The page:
Paul Alexander still remembers the sound of the screen door slamming on that rainy July day in 1952.
The then-6-year-old had just run inside after playing in the field behind his Dallas home. He was feverish and his neck ached. He walked in barefoot, dragging mud onto the kitchen floor. The door sprang shut behind him. He knew his mom would be mad when she saw the mess, but he was taken aback by the fear in her voice.
“God, please, no,” she said. She knew then polio had come for her son.
1952 was riddled with fear for many parents. It was the worst year for polio in the U.S., with nearly 60,000 cases reported across the country. Some cities shut down popular gathering places—movie theaters, swimming pools, bars, bowling alleys. The virus most commonly affects children, entering the body through the mouth via tiny particles of contaminated feces or, more rarely, droplets from a sneeze or cough. It can lead to flu-like symptoms and has the potential to invade a person’s spinal cord or brain, causing paralysis and potentially death.
For Alexander, the infection started as body aches and a high fever, but not long after, he lost his ability to walk, swallow, and breathe. Doctors performed a tracheotomy and put him in an iron lung—a sealed tank used to treat polio patients who had trouble breathing on their own. During the epidemic, hospital wards were lined with these respirators. They stimulate breathing by varying air pressure to compress and depress the chest. Children typically spent a couple weeks in one while recovering from the disease, lying on their backs, unable to do much. But Alexander didn’t get out of his.
Eighteen months after he was admitted, doctors said he could go home, thinking he wouldn’t live much longer. His body was nearly completely paralyzed from the neck down, and he couldn’t breathe outside the iron lung. His family brought him—and the lung—home and had what they thought would be their last Christmas together.
But Alexander is still alive today. He’s 74 and resides in Dallas—and for the second time in his life, living through the outbreak of a virus that he is at a high risk of suffering from. Unlike the polio virus, the coronavirus hasn’t been disproportionately impacting children. Those most at risk of developing a severe case of COVID-19 are adults over 65 and those with underlying medical conditions. Alexander checks both boxes.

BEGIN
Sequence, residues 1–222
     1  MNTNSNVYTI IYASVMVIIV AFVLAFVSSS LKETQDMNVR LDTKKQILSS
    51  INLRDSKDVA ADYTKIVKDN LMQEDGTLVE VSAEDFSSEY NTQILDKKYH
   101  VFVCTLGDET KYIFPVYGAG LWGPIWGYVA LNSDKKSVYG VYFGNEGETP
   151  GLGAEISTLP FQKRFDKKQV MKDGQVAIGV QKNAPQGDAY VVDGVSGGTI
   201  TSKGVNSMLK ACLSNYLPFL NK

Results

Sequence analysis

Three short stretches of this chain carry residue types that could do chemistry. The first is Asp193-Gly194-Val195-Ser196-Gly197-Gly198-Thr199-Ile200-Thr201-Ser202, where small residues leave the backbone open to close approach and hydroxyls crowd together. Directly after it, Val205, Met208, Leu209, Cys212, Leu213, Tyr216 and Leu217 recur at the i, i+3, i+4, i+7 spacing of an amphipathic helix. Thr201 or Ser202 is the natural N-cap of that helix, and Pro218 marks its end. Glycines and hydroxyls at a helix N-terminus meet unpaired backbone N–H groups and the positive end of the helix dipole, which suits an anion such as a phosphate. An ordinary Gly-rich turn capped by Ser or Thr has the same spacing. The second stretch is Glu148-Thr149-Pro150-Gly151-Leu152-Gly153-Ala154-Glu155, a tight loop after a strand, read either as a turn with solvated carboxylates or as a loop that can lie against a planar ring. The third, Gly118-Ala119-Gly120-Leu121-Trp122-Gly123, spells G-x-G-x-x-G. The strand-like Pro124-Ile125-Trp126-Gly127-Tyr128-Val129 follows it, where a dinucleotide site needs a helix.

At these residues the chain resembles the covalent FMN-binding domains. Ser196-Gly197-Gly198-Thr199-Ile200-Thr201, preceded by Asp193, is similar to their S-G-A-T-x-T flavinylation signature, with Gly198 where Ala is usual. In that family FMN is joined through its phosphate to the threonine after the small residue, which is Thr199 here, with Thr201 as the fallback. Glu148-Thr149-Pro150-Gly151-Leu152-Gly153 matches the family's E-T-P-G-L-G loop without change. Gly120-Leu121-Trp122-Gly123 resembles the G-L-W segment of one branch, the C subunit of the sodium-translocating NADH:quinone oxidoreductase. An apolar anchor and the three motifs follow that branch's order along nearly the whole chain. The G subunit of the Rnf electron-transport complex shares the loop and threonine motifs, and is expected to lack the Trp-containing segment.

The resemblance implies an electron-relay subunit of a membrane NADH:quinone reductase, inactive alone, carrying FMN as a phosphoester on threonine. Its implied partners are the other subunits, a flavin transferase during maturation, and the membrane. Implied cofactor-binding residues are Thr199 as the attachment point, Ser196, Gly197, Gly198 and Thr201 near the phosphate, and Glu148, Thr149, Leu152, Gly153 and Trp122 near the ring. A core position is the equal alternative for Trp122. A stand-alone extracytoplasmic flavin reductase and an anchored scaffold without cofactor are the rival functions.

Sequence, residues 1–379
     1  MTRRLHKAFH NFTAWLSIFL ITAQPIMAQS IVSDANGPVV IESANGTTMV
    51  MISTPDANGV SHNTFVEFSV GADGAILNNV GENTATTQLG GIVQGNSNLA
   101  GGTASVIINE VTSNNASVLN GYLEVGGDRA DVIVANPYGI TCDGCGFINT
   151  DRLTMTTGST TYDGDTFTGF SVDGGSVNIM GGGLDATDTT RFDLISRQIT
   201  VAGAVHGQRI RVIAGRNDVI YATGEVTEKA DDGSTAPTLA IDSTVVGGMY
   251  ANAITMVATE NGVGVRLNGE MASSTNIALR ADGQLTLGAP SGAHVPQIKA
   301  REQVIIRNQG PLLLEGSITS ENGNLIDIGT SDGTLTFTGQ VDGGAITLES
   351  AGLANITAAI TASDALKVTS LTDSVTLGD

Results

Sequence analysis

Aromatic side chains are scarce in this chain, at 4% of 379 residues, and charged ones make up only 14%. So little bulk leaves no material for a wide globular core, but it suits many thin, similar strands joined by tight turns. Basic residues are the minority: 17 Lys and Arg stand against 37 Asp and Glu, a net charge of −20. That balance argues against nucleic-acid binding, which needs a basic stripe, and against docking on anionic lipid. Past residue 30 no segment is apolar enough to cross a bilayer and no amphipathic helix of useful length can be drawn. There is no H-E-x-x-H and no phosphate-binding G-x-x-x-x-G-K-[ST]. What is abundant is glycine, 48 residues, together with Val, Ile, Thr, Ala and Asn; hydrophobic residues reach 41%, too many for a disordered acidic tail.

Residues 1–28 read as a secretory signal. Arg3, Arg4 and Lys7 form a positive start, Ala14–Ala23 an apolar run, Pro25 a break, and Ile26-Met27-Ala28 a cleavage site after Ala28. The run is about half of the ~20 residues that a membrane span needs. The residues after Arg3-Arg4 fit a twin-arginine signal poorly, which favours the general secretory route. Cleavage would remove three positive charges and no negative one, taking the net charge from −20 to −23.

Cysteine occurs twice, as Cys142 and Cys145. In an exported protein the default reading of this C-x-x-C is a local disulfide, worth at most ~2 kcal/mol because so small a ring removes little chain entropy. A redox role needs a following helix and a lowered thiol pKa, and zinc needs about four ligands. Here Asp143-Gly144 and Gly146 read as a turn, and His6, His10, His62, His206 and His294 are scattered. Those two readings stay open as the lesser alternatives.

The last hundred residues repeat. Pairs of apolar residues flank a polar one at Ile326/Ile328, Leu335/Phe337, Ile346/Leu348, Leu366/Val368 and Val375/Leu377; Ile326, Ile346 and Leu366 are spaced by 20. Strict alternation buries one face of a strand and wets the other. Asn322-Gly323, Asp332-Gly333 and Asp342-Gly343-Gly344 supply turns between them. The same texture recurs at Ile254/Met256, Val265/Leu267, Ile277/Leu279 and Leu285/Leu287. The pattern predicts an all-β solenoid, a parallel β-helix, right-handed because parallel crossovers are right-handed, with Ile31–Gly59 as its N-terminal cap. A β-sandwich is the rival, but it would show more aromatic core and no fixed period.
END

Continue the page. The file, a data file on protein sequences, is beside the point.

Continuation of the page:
As the world awaits a vaccine, Alexander and his caretakers are limiting contact with others. He still relies on an iron lung to keep him alive. In fact, he’s one of the last people in the world still using the machine.
“It’s like a big tin can,” he tells me over Skype one morning in June. His head sticks out of the yellow tube, and I can hear the machinery expanding and compressing in the background. Between the noise and the fuzzy screen, it’s sometimes hard to make out what he’s saying. I find myself asking him to repeat himself. Alexander is patient with me and starts his sentences over. It’s not the most efficient way to conduct an interview, but we’re making do, given the circumstances.
Though more modern ventilators have been invented over the years, Alexander stuck with his iron lung. As a boy he learned how to breathe without it for extended periods of time—a skill that opened doors for him. When he was 8, a physical therapist taught him how to “frog breathe,” or use muscles in his mouth and throat to gulp air into his lungs.
Alexander was wary of health care professionals, scarred from the times in the hospital when they’d forced him to try to breathe outside the lung, causing him to pass out. But the therapist convinced him to keep trying by making a deal with him: if he could learn to breathe outside the lung for three minutes, she would give him one of her boxer puppies.
“It was difficult, but I worked at it,” Alexander says.
After working at it for a year, the puppy was his. Breathing on his own meant he could spend hours outside the iron lung. He adapted in other ways as well. His father fashioned a stick that he could put in his mouth to play with his toys. (Today, he uses a similar instrument to dial the phone and type on a keyboard.) He learned how to paint and write with a paintbrush or pencil in his mouth, too.
As he grew older, he realized that if he wanted to be successful at something, it would have to be something of the mind. “I had to go to school,” he says. “There was no other way.”